Title: Mathematics teaching through the lens of planning – actors, structures, and power
Subject: Mathematics education
Faculty: Faculty of Technology
Date: Monday 14 Sept 2020 at 1.15 pm
Place: Room Weber, building K, Växjö
External reviewer: Professor Anna Chronaki, Malmö University
Examining committee: Professor Paul Andrews, Stockholms University
Associate professor Magnus Österholm, Umeå universitet
Associate professor Lovisa Sumpter, Stockholms universitet
Chairperson: Associate professor Karl-Olof Lindahl, Department of Mathematics, Linnaeus University
Main supervisor: Professor Jeppe Skott, Department of Mathematics, Linnaeus University
Assistant supervisor: Professor Sara Irisdotter Aldenmyr, Dalarna University
Examiner: Professor Hanna Palmér, Department of Mathematics, Linnaeus University
Spikning: Friday 21 August at 1.30 pm at the University library in Växjö
This dissertation explores mathematics teaching by focusing on planning. The planning is seen as a social phenomenon related to surrounding practices and power relations in and between practices. Hence, planning in this dissertation is explored beyond what teachers do when planning.
The research questions that guided the studies developed during the research process and address meaning of planning, influence of practices surrounding mathematics teaching, and common ideas about mathematics teaching in society. To answer the research questions, three studies were conducted, individual interviews, focus group interviews, and a study of mathematics education in news media.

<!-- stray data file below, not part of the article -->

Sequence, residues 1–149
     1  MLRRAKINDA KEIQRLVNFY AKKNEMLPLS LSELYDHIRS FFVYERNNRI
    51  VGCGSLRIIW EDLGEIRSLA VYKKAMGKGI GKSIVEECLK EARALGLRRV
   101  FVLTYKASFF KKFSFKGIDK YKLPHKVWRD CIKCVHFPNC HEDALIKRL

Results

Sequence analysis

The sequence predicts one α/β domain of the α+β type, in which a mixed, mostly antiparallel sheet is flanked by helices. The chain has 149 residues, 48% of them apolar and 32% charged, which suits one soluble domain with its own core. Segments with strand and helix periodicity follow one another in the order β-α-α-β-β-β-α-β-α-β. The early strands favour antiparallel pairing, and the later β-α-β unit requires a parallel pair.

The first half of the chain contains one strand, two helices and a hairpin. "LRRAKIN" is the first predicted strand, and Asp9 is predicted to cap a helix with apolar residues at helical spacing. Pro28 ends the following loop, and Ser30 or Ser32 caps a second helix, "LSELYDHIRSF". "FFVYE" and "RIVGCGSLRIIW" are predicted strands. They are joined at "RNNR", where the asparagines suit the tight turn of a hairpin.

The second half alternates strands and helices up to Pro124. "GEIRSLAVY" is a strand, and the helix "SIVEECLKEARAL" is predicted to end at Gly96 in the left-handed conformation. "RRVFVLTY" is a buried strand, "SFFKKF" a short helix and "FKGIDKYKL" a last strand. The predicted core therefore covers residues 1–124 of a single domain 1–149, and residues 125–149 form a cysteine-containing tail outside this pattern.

In addition to the aim of contributing to a deeper understanding of mathematics teaching, this dissertation aims to contribute methodologically by answering research questions addressing consequences different views of meaning have for thinking about interviews and assessment of research quality, and the usefulness of theoretical concepts from Critical Discourse Analysis on interview material about planning for mathematics teaching. In the dissertation, Critical Discourse Analysis is used as a theoretical frame, and theoretical constructs, such as actors, structures, and power, are used to explore planning as embedded in the social practice of mathematics teaching.
The findings show that planning is an ongoing emotional process that is considered to be different things, including choosing examples to use or producing manipulatives. Findings also reveal that planning varies between teachers and schools, but also varies for individual teachers depending on, for example, time of the year or students. Another result is that although teachers are responsible for planning, their considerations, decisions, and reflections are influenced by other actors both in terms of how planning is done and what is planned for. These influences are explicitly through actors with formal power and implicitly through, for example, common ideas about mathematics teaching that are prevalent in society.
Findings that relate to the methodological questions emphasize the importance of considering theoretical standpoints when assessing the quality of research. The findings also show that concepts such as power, actors, and structures are helpful to see and discuss in what ways mathematics teaching is a socially embedded phenomenon.